Seabrook resident David Ritchie spoke to attendees

                                                                              at the Seabrook Beach Civic Association's first

                                                                              meeting of the summer season Monday night.

                                                                              Ritchie highlighted many ways people can increase

                                                                              their level of security while away and at home.





         Photo by Kiki Evans/Seacoastonline


The project began  when David Ritchie, Beautification Chairperson,  made the suggestion to the *Seabrook Beach Civic Association' board as the final touch to the "corner" of Hooksett Street and Ocean Boulevard .  Once everyone agreed it was worth pursuing, the idea  was brought before the membership where it received quick approval.   David  moved forward on behalf of the board connecting with several flag companies- ultimately the decision was made to go "local" and we began working with Paul at Union Flag in Hampton, NH.


At the same time David was checking on the physical items of the project, others were working with the town of Seabrook as well as Dig Safe . Things moved fairly quickly and a 30' flagpole (the beach  district height limit) was installed and the American flag was raised on the corner of Hooksett Street and Ocean Boulevard.


The corner was originally cleared of debris approximately 20 years ago as one of the original projects taken on by a group of retired men who quickly became bored just hanging around. It wasn't long before a planter was created and the area was grassed in. The original  granite planter honors Joan Cargill who along with George Ziady started the beautification of the district and the Seabrook Beach Civic Association grew. 

                  Photo by Frank Leone


Former cop offers safety, home security tips

By By Kiki Evans


May 21, 2015 - 8:43 PM


SEABROOK - Seabrook Beach resident and former law enforcement officer David Ritchie led a discussion with his fellow beach residents Monday night about personal safety and home security.

Ritchie, who has worked in state and federal law enforcement for 33 years in the greater Boston area and spent 28 years as an undercover officer, spoke to residents who attended the monthly meeting of the Seabrook Beach Civic Association.

“Don’t trust anyone,” he advised. “Be streetwise, be aware of your surroundings, be confident and self-assured.”

Ritchie explained many ways that people can increase their level of security. Parking in well-lit areas at night, close to the entrance of the destination, and watching ones handbag inside stores and at ATMs are ways people can increase their personal safety, he said.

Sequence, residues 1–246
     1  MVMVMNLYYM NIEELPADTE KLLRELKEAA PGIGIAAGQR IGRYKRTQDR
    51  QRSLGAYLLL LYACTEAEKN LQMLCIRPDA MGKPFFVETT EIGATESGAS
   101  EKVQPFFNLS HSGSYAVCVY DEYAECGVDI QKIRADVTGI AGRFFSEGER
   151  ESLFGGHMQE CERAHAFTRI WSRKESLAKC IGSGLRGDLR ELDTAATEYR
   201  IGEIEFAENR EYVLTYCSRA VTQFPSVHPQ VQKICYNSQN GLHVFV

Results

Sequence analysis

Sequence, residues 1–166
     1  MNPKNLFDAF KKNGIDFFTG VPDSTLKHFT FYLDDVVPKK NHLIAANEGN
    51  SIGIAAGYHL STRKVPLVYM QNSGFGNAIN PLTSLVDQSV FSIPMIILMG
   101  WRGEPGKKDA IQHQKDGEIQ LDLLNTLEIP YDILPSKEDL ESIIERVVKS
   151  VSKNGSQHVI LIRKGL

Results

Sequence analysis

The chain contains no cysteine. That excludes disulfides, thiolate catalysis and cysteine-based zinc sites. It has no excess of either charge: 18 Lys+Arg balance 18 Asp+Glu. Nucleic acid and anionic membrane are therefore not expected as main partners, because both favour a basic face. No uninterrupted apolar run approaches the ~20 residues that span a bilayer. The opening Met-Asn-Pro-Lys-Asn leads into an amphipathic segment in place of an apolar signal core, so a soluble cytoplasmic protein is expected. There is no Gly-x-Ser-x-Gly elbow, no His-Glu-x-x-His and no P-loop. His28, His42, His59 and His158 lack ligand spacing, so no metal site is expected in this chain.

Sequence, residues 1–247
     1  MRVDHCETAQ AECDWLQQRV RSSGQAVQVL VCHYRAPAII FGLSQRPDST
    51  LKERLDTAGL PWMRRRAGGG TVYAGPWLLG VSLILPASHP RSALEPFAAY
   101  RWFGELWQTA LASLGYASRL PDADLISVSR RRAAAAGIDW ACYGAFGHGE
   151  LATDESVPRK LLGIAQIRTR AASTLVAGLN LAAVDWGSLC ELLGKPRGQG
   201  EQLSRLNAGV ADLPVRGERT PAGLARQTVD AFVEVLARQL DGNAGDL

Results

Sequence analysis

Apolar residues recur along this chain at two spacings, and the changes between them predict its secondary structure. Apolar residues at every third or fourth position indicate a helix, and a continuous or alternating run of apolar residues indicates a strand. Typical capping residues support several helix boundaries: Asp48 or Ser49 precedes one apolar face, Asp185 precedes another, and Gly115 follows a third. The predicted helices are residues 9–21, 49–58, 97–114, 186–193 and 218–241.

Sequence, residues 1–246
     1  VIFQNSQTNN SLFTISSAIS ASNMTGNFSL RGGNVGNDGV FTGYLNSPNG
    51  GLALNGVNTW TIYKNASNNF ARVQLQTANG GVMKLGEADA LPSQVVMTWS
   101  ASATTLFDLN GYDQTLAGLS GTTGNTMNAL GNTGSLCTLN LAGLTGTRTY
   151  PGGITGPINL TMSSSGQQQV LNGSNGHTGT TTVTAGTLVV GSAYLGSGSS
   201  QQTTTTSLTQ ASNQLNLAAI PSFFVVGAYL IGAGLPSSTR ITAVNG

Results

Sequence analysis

Ritchie said that at the beach during the summer, people are used to strangers wandering around, but he cautioned the crowd against complacency.

He said that most homes are broken into during the daytime, and that criminals stay inside a house for an average of only two to three minutes.

Ritchie advised the use of solid door frames and locks as deterrents against crime. He said that air conditioners should be well-installed so they can’t be kicked in.

He urged residents to store their valuables in creative places, especially when they’re away from their homes. Ritchie said that he had worked on many cases of home theft and burglary in the Boston metropolitan area, and one place that criminals never seemed to check were the pots and pans.

“I have never found on any investigation, and I’ve been to hundreds of house breaks, where they go through pots and pans,” he said. “You have to be innovative where you hide your valuables.”

When asked if there were any specific concerns that beach residents should have, Ritchie urged caution.

“We’ve been fortunate down here at the beach,” Ritchie said.






Theresa Kyle, Seabrook's Selectmen


Theresa Kyle's reasons for running  for the office of Selectwoman were:


The rapid growth of Seabrook and its impact on our infrastructure, citizens and Town economy, including property taxes, diminishing public services; to locate funding to update and maintain our Town departments; continuing education and programs for our Seniors and Veterans; and to provide the best education for our children in all matters that will help them be prepared for future challenges.  While she outlined her reasons for running for office multiple times throughout the campaign and to scores of town residents, Theresa Kyle always ended with the fact that she could not promise anything except that she will look into everything presented to her thoroughly before making a decision.


Mrs. Kyle is a full-time resident of Seabrook, New Hampshire and has been for 20 plus years and a property owner/taxpayer for over 30 years.


In additional to her Bachelor of Science Degree and Doctorate in Law, Mrs. Kyle has taken many continuing education courses. She was the manager of a law firm for 35 plus years, the Principal and Chief of Operations in a corporation involved in construction projects and restoration of  historical buildings, a small business owner and experienced in dealing with many Federal, State and Local departments and agencies.


Theresa Kyle’s civic  involvement in Town includes the Seabrook Lions  Club; Seabrook, Happy Seniors; (past/present), President of the Seabrook Women’s Club, a member of the American Legion Ladies Auxiliary and the Seabrook  Beach Civic Association. Prior to moving to Seabrook, she held positions in the  local chapters of the American Heart Association, The Business and Professional Women’s Club;  and Credit Women International.


All of the above certainly qualifies Theresa Kyle for the position she sought and won in our Town. Congratulations, again, Mrs. Kyle we look forward to watching how your position on the Board of Selectmen benefits Seabrook.